Test Results Comparison
Testing showed that using transactional replication with SQL Server 2008 running on Windows Server 2008 dramatically outperformed SQL Server 2005 running on Windows Server 2003. As illustrated in Table 2, the most substantial performance gains occurred when the Publisher and Subscriber were both running SQL Server 2008 on Windows Server 2008. 

Testing also showed that the scope of the performance gains correlated with the type of replication and the type of data. Push subscription replication of character data with SQL Server 2008 running on Windows Server 2008 yielded a 104 percent increase over SQL Server 2005 running on Windows Server 2003, and pull subscription replication of the same data yielded a 1,298 percent gain. The team noted that changing the PacketSize or ReadBatchSize parameters in the Replication Distribution Agent ( profile during testing did not significantly affect performance; these changes resulted in a savings of less than 60 seconds for replicating 1,000,000 rows of varbinary (max) data equal to 15.5 GB of data moved.

It should be noted that not all of the disk performance counters were relevant during testing, as the partitioning of the disks to support dual boot and two instances of SQL Server on each partition rendered the disk performance counters questionable. The key take-away from the disk counters is that the distribution database files are “hot spots” during replication, and that the process is input and output intensive. Disk-queue length averaged 150 for the Publisher with the test hardware.

MSCOM Ops is continuing to drill down into various parameters and variables in subsequent testing to further develop guidance and best practices. However, based on the substantial performance gains witnessed in the initial round of testing, the team believes it is possible to build a geographically redundant, fault-tolerant database system, including a high read and write version.

Performance Indicators

Test Scenarios

SQL Server 2005 on Windows Server 2003 (A)

SQL Server 2008 on Windows Server 2008 (B)

Performance Gains or Losses


CPU Utilization (%)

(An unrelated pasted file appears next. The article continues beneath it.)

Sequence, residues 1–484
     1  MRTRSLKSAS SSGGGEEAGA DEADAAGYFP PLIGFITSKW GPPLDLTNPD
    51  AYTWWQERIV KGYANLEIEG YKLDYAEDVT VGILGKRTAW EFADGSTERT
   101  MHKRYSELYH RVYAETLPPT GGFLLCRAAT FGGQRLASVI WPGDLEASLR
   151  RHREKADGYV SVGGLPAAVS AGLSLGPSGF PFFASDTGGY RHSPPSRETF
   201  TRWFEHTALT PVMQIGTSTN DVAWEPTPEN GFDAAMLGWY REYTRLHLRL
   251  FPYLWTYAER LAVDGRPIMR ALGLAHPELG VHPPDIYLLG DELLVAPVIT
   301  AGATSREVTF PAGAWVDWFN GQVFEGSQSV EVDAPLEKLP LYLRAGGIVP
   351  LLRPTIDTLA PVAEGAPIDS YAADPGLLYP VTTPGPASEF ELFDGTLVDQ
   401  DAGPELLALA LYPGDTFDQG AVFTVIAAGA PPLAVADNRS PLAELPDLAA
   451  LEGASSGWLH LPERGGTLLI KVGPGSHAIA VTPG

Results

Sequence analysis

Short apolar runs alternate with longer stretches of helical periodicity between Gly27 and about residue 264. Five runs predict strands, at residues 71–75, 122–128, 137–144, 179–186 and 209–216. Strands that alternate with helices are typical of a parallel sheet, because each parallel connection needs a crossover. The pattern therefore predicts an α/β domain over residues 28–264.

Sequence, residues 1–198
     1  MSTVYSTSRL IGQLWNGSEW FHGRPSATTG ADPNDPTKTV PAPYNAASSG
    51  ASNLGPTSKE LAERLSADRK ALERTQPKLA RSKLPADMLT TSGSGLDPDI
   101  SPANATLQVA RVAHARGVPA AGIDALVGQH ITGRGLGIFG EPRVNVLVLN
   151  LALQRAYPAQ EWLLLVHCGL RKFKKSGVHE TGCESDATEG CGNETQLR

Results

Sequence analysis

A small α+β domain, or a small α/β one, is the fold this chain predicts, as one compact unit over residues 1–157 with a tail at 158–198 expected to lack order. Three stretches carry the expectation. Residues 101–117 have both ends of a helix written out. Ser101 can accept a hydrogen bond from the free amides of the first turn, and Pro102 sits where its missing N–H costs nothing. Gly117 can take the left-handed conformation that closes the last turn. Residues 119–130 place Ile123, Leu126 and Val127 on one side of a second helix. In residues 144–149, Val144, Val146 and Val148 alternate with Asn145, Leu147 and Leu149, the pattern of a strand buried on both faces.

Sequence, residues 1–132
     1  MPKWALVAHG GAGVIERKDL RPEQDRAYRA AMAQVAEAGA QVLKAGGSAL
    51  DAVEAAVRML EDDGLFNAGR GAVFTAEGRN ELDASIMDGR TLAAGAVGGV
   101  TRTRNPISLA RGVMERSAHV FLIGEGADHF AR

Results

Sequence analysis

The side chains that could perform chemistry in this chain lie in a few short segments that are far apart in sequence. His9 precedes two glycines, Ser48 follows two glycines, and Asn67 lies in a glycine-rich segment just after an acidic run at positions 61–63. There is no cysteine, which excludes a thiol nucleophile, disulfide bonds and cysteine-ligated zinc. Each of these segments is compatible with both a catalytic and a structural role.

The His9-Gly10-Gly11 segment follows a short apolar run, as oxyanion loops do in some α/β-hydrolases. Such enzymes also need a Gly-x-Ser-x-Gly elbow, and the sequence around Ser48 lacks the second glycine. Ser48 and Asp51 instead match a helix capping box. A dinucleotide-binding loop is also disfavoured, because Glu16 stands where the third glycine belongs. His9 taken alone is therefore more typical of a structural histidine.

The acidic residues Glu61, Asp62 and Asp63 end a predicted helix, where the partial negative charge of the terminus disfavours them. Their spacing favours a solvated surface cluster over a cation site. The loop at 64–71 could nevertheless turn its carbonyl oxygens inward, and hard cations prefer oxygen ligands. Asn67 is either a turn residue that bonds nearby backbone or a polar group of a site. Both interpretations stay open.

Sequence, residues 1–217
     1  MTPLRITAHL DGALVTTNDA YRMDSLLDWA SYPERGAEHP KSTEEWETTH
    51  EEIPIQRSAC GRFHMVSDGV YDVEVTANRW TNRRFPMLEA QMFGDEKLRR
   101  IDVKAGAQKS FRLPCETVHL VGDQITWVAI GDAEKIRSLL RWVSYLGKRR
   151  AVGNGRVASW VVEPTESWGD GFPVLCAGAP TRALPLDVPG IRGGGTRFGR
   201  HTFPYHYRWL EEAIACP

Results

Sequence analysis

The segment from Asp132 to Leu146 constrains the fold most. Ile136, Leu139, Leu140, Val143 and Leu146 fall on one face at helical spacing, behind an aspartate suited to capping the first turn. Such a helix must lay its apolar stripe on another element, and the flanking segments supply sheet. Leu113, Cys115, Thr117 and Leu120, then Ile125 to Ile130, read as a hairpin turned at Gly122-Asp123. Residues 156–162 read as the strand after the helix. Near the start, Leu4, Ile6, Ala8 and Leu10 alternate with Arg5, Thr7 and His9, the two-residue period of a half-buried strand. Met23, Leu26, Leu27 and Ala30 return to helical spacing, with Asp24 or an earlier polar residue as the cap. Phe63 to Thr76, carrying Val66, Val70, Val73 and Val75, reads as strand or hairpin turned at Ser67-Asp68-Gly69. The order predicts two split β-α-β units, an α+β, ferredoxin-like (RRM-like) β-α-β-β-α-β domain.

Push Replication


1,000,000 1k character records

226.12 (minutes)

110.42 (minutes)


Pull Replication


1,000,000 1k character records

174.87 (minutes)

12.5 (minutes)


Linked Server


10,000 1k character records

107.6 (minutes)

113.6 (minutes)


Push Replication


100,000 varbinary (max) records

247.07 (minutes)

59.13 (minutes)


Pull Replication Records


100,000 varbinary (max) records

223.18 (minutes)

1.95 (minutes)


Snapshot Replication

11.3-GB 10,100,000 1k records

Not tested

22.75 (minutes)

Comparison not available

Friday, January 23, 2009 12:59:40 AM (Malay Peninsula Standard Time, UTC+08:00)  #    Disclaimer 
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  •  Thursday, January 08, 2009

    A short but note(pun-intended)-worthy blog entry. Microsoft releases SongSmith: Karaoke in reverse.

    openquotes.png Microsoft Research on Thursday is releasing software that gives musicians, both casual and professional, a new way to speed up song development. Called SongSmith, the $29.99 application creates musical accompaniment based on whatever is sung into the computer's microphone.

    In order to do this, the software processes the pitch and tone of what's recorded and lets users hear how it might sound if they had a little backup in the form of a virtual piano, drums, and keyboard. Microsoft is expecting them to use the new track either as inspiration for further song development or as a simple way to create karayoke-quality recordings for friends and family members.

    The software lets users change the feel of a song completely using various sliders that adjust mood, volume levels, tempo and what instruments are being used. Users are also able to purchase additional instruments from Garritan for a small fee that can drastically change the way a track sounds. Each purchased instrument comes wrapped in a special installer that automatically adds it to SongSmith. Dan Morris of Microsoft Research tells me there may eventually be a marketplace for other sample providers, although for now the software is using it exclusively because of its the only compatible format.

    SongSmith lets you simply sing into your computer's microphone to hear what it would sound like if you had a back-up band.

    (Credit: CNET Networks)